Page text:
Transmissions: Being dragged into a culture war

  • Wednesday February 8, 2023
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Transmissions: Being dragged into a culture war

Decades before the upper floors of a three-story building at the corner of Broadway and Kearny in San Francisco became a co-working office space, it was home to a nightclub called Finocchio's. Unique among its North Beach contemporaries, the club featured "female impersonation" acts.

Indeed, growing out of its seedy speakeasy past, the club became known for its shows featuring gay and straight men performing as women. While in the parlance of the time, the club hosted what it called female impersonators, though we'd consider it more a progenitor of the drag of today.

Finocchio's, which closed in 1999, was quite popular for decades, with celebrities ranging from Frank Sinatra to Bette Midler counted among its clientele. It was also a huge hit with the tourist crowd that visited the city including, I note, a young couple who honeymooned in the city in 1960. That would be my mom and dad.

However popular the show and its performers were, the business did have one rule I find especially noteworthy, both then and today. Even though the club made its name presenting "female impersonator" shows, every performer was required to enter and exit the club as a man.

Indeed, we served not for ourselves, but at the pleasure of a non-trans, non-gay club owner, to a predominately non-gay, non-trans audience. Deviating from that would get you removed from the club.

Now pardon me: I want to deviate for a moment, and address an elephant in this room.

In the decades between Finocchio's heyday and now, drag performance and trans identity have, shall we say, not been the closest of friends. Many in drag circles have looked down on trans identities, and many in trans circles have looked askance at drag.

I'm of the opinion that much of the dictates expressed by both groups may be born out of fear.

Those in drag may not want to be associated with transness, and will insist that they are merely portraying a character, performing, and that this has little to do with identity.

Meanwhile, many trans people will say something very similar, noting that being trans is an innate part of their identity, and should not be equated with simply wearing a costume for some cheap laughs.

Both have points, but if you think that presenting a drag persona is going to cause others to think you are trans, or you think that your trans self is going to be delegitimized by others equating it with drag, and you lash out as a result, that is a fear reaction — and in these days, we have plenty to fear without fighting each other over some phobias.

Those who stand against us, both drag and trans, really don't care about the distinctions, and if they can regulate us both out of existence while we continue to fight among ourselves, that's just a bonus in their eyes.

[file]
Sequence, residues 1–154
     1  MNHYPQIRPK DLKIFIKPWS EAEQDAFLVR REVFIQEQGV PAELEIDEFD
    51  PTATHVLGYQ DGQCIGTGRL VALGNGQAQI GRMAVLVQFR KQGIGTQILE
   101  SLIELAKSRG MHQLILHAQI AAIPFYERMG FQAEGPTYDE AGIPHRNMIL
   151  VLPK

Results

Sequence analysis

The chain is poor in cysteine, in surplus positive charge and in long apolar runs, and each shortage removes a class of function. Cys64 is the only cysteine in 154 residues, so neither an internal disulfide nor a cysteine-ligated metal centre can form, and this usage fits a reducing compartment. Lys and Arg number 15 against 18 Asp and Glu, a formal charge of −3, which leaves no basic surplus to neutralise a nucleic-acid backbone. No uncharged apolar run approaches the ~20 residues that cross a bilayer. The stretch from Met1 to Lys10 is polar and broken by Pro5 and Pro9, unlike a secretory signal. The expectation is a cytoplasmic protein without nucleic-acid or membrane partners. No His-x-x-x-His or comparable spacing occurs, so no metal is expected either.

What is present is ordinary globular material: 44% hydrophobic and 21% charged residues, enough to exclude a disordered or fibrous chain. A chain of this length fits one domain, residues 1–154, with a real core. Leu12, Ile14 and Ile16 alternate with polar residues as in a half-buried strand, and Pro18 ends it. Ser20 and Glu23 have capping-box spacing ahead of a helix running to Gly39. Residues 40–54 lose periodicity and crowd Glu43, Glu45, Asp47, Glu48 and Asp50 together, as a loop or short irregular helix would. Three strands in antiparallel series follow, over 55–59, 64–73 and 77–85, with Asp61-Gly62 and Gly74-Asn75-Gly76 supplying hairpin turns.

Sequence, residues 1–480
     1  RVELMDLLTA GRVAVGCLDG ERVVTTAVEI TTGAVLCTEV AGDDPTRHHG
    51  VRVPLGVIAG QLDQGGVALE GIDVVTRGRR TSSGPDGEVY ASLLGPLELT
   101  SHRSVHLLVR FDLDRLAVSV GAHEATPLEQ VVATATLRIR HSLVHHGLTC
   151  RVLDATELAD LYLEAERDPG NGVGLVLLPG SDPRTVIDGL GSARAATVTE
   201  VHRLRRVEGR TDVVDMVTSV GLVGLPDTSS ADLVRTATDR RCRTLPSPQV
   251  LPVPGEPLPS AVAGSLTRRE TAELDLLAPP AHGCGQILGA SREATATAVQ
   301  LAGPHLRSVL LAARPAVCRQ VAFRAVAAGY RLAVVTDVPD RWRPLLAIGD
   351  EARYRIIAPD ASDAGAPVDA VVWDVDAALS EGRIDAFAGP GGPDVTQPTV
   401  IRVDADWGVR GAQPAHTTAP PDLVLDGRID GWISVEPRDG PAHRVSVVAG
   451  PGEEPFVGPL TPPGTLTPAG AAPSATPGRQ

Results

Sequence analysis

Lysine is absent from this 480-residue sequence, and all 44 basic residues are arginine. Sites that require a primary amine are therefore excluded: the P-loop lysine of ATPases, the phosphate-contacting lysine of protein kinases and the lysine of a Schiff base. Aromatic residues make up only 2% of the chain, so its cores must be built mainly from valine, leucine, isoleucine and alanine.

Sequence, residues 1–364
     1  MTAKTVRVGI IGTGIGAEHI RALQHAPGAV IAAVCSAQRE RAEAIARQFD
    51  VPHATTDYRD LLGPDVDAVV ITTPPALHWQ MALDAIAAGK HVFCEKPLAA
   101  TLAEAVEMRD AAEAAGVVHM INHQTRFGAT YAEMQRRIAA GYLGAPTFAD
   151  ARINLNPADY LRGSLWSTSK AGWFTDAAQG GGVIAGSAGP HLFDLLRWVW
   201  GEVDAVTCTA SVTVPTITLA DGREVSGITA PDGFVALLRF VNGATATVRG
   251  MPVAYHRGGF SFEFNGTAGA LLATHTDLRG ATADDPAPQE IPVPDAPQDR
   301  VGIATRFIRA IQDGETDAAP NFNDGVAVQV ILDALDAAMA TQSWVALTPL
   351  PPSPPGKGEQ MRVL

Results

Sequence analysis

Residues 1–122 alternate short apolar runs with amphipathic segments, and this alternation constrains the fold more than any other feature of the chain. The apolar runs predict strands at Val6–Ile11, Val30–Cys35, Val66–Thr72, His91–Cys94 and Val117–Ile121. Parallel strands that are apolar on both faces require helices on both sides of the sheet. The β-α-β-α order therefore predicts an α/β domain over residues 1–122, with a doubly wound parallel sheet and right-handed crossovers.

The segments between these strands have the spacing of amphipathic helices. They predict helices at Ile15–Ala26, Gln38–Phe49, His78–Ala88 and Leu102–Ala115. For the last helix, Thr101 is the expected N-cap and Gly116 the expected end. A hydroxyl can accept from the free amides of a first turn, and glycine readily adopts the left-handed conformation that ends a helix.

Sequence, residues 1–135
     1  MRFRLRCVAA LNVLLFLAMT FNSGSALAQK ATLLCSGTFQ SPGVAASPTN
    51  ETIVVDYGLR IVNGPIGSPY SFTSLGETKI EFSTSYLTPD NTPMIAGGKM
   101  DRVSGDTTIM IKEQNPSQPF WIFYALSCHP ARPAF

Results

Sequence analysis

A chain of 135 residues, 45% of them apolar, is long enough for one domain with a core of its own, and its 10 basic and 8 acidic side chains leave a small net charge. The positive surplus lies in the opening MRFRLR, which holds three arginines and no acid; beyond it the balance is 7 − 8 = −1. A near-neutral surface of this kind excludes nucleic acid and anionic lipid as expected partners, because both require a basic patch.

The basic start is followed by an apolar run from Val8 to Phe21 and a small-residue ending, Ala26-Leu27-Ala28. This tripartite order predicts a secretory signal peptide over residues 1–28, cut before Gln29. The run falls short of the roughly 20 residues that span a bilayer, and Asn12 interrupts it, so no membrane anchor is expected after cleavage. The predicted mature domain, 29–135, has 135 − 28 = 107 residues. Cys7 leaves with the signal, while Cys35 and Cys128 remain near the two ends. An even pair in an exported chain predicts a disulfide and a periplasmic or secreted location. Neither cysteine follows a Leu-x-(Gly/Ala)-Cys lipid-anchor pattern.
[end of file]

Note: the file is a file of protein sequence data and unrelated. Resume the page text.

At this time, there are anti-drag bills coursing through statehouses across the country. (See this week's online LGBTQ Agenda column for more on that.) Many of these seek to list venues with drag shows as "sexually oriented businesses," with many such bills defining drag as broadly as possible, such as declaring it encompasses anyone who dances, sings, or monologues while wearing attire associated with a gender different than they were assigned at birth.

Yes, this is so broad, that many suspect it would move many of Shakespeare's plays to be declared adult, as well as potentially relegate any male performer in eyeliner or tights to be declared "adult entertainment."

Not that they're likely to use such laws in those cases: we know exactly who they'd be aiming this at.

For the last 14 years, "RuPaul's Drag Race" has graced the small screen, growing the pop culture popularity of drag. Indeed, drag moved from the bars to MTV, becoming big business for successful contestants as well as for the show's titular star, RuPaul Charles.

I would contend that much like transgender people reached our pop culture "tipping point" in 2014, as declared by Time magazine, followed by the culture war backlash of today — and the torrent of anti-trans legislation — drag also reached its own tipping point where it crossed over from a purely "in community" activity to an Emmy-award winning medium that often lands its stars on Broadway.

As the Republican Party and its de facto leader, former President Donald Trump, flail about to find grievances to appeal to their rabidly bigoted base, both trans rights and drag performance have been found in the crosshairs.

At Finocchio's, we were welcomed onto the stage and allowed to perform, provided we were pretty, had a good singing voice and, just as important, were still willing to pack up our finery and assimilate at the end of the night. Again, we served at the owner's pleasure, not our own.

Likewise, it was fine if drag performers stuck to the clubs and bars — but becoming a fixture of American pop culture was a road too far, and now the right wants to make sure we know our place. The fight — sometimes very literally — over drag queen storytime and the like illustrate this perfectly. The conservatives don't want anyone to think there is anything aspirational about drag, or transness, and seek to quash both by any means possible.

Now is a time for our communities to stand up, together, and let it be known that, drag or trans, we will be exactly who we are, and no one else is going to legislate us out of existence. We need to learn to work together, and set aside our fears and differences, for the betterment of all.

Gwen Smith later became a friend of one of the performers who entertained her parents. You'll find her at

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